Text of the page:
Additive manufacturing technology developer Stratasys (Minneapolis, Minnesota) says the Mini Cooper World Rally Championship (WRC) team used its 3D printers not only in the development of its racecar for this year’s circuit, but also to manufacture finished components for actual use on the vehicle.
A full-scale mockup of the Mini John Cooper Works World Rally Car, created directly from CAD files, included 3D-printed components for the engine bay, gearbox, steering assembly, vehicle interior and more, including engine components such as intake valves. Beyond the test track, the team has developed a list of 15 components per car to be produced via Stratasys’ Fused Deposition Modeling (FDM) 3D printing technology. One of the most visible of these end-use parts is an ergonomically styled gearshift display and control panel, which is mounted on the steering column.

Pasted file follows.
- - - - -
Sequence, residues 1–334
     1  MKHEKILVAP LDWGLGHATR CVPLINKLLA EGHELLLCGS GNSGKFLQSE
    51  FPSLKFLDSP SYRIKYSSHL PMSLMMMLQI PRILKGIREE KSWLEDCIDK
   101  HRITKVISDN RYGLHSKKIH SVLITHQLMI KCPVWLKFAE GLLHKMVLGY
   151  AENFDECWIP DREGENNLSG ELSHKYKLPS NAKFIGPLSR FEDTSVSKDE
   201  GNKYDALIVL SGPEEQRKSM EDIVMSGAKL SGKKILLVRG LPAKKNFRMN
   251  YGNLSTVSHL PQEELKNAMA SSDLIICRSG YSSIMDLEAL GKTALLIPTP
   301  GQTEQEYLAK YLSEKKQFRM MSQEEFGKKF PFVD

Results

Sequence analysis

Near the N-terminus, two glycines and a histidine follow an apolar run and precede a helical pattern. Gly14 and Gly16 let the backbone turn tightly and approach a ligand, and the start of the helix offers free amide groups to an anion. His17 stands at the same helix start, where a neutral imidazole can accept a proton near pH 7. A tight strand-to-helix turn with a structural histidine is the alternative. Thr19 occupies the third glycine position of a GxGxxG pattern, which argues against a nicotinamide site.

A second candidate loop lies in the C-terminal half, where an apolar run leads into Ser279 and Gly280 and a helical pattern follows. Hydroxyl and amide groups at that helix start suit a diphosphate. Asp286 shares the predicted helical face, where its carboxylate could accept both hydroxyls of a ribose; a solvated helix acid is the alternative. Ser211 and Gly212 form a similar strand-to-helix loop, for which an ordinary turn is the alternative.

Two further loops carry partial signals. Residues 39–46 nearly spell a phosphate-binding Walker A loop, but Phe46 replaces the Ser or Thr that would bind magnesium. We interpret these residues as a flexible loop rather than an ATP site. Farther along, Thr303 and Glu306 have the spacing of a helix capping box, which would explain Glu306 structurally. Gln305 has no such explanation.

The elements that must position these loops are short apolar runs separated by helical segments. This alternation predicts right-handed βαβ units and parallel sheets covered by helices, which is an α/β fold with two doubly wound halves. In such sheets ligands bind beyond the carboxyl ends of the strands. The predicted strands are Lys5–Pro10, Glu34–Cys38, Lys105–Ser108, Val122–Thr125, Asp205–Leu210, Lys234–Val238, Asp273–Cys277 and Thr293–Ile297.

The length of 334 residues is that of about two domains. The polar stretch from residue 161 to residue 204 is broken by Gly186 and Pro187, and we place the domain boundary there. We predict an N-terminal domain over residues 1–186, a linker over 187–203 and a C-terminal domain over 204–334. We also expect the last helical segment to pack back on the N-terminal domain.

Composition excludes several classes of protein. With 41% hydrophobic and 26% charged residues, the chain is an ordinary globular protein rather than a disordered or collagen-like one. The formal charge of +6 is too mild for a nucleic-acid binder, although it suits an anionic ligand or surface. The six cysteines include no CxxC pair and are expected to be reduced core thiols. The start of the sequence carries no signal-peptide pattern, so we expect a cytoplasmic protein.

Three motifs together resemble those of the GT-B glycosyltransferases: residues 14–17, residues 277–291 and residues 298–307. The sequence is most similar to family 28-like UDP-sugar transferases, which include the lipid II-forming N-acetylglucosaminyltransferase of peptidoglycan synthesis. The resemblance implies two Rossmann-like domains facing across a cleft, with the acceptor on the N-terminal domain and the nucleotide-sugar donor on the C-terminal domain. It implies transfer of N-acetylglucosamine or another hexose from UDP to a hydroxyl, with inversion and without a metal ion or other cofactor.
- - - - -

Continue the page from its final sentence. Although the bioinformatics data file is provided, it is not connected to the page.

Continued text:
According to the Mini WRC Team, the use of 3D printing saved time, reduced tool costs and enabled more design freedom for complex geometric parts. “We would find it nearly impossible to build another car without using FDM technology,” says Paul Doe, chief design engineer. “We would never have dreamt of building the parts we did without the Stratasys machines. Using composite parts would have cost up to three to five times more.”